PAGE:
SHEIKH HAMZA YUSUF: First of all, I think it’s akin to the Spring of Nations which happened in 1848 with the revolutions in Europe that were quickly squelched by the authoritarian regimes. But, over time, that gave rise to major changes that happened with World War I. That might be what it will take, a horrible World War III, and then from those ashes will emerge more equitable societies. I would hate to see that but I think it’s very possible. The Hapsburgs, the Hohenzollern, the Romanovs, they all collapsed but they should have reformed in 1848 when people rose up against these ossified, petrified regimes, but they didn’t. The same is true with the Ottomans, with Abdul Majid who made incredible reforms with the Tanzimat and then Sultan Abdul Hamid, for whatever reasons, suspended the constitution. I mean, he had his justifications for doing it but it was suspended, the parliament was shut down. So, those reforms were not fulfilled and then comes the Young Turks and the overthrow of the Ottoman caliphate. I think these things eventually are going to play out. I don’t know how brutal it’s going to be but people can’t take tyranny, and they rise up. Aristotle, in his book of politics, has a section on revolutions, and I think his descriptions of why revolutions occur are as valid today as they were when he articulated them two thousand five hundred years ago. It’s very clear that when you have diseased societies, the disease has to come to a head, like the boil that brings all the pus out of the body. So I think this was just the beginning, it’s a kind of bloodletting and if they don’t make the reforms that are necessary, it’s going to happen again. This happened back in the 1950s. People forget because they don’t read history, all this happened in the Arab World in the 50s. They had these great revolutions, Gamal Abdel Nasser came, everything was going to be different. It was going to be a great society. And that spread like wildfire. They overthrew the government in Iraq, the king. They tried to overthrow the monarchy in Morocco several times. It’s not like this hasn’t happened before. And it was squelched and those revolutionaries became the very same thing that they had overthrown. King Farouk was much better than Gamal Abdel Nasser. Egypt was better off during Farouk’s rule.

CAIRO REVIEWWhere is Islam in all this?
SHEIKH HAMZA YUSUF: I think Islam is just enlisted as an impressed sailor on this mutinous ship. That’s how I view it.

CAIRO REVIEWIs there a role for Islam in governance? Does the world need another caliphate?
SHEIKH HAMZA YUSUF: No. Well, let me qualify that. I would want that the rulers of the Muslim World, especially if you have very large populations of Muslims, that they recognize the authority of Islam in the state, especially for those things that directly affect people. The single most important aspect of the sharia after personal law of marriage and things like that are the commercial laws. If you look at all Islamic books on Islamic law, the vast majority of them relate to commercial law. And those commercial laws, if they were implemented today, we would have far more just societies, because much of it is the prohibition of these commercial transactions that exploit people. So, I think there is definitely a role for commercial law. In terms of the penal codes of Islam, most of them are at the discretion of the judge. The punishments of Islam, these ideas of cutting off the hand and stoning the adulterer and crucifying, what ISIS is doing, they say that in eight hundred years of Ottoman rule, they never stoned anybody. These were not applied because, like the Jewish tradition, to actually apply them would take basically a confession. It’s almost impossible to determine. For instance, for fornication, you have to have four witnesses that actually see penetration, basically legal fiction. It’s not going to happen. Pregnancy can be explained away if they do. According to the Shafi’i madhab, repenting from the sin actually removes the hadd, punishment. So a person can actually be forgiven if they sincerely repent from the sin. So even the penal codes would not be a problem in most modern applications of them.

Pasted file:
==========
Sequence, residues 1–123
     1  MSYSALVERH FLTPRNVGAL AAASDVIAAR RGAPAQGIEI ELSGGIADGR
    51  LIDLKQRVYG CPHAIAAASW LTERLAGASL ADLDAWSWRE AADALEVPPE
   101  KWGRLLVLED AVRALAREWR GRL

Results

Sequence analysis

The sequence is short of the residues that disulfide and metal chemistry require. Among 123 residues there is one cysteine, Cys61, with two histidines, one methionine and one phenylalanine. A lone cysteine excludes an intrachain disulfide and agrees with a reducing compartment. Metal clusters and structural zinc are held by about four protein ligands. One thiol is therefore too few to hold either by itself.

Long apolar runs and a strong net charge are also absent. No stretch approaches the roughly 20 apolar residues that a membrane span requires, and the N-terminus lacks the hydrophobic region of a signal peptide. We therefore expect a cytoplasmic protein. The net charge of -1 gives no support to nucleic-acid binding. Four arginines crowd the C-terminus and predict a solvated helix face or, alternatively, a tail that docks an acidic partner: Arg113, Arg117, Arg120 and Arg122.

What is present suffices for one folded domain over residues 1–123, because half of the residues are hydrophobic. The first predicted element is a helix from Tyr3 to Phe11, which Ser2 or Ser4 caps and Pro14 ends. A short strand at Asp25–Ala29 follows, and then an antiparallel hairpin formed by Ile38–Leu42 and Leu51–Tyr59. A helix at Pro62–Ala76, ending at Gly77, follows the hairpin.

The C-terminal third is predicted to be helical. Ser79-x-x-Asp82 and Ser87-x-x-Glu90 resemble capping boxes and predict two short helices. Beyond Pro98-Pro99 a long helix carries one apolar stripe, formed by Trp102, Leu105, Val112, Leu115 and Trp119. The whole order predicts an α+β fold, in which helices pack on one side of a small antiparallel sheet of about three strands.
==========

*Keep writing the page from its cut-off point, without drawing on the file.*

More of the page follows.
CAIRO REVIEWSo ISIS has declared a caliphate.
SHEIKH HAMZA YUSUF: It’s bogus. It doesn’t mean anything.

CAIRO REVIEWThey’ve taken territory.
SHEIKH HAMZA YUSUF: No, no, it’s completely bogus. First of all, the caliphate has to be agreed upon by Muslims and that’s in the most authoritative text, in Al-Bukhari, which all Sunni Muslims accept. In Al-Bukhari, Omar Ibn Al-Khattab, the second caliph, says, “If anyone claims to be caliph, do not accept his caliphate until all the Muslims agree on it.” That’s right in the text. I could declare California as the land of the caliph and I’m the caliph, come and take bay’ah with me. It’s bogus, it doesn’t mean anything.

CAIRO REVIEWBut a lot of stuff is happening there. They’re creating a lot of chaos.
SHEIKH HAMZA YUSUF: You know what? A lot of stuff is happening with drug dealers just south of the [American] border. They’re cutting off heads. They’ve killed thirty thousand people. A lot of them were beheaded. They have a drug caliphate there. Why doesn’t anybody talk about that? Americans don’t know a lot about that. Every once in a while they read about people disappearing in Juárez or something like that. There’s bad things happening all over the planet.

CAIRO REVIEWTrue, but huge numbers of Muslims are being adversely affected by ISIS.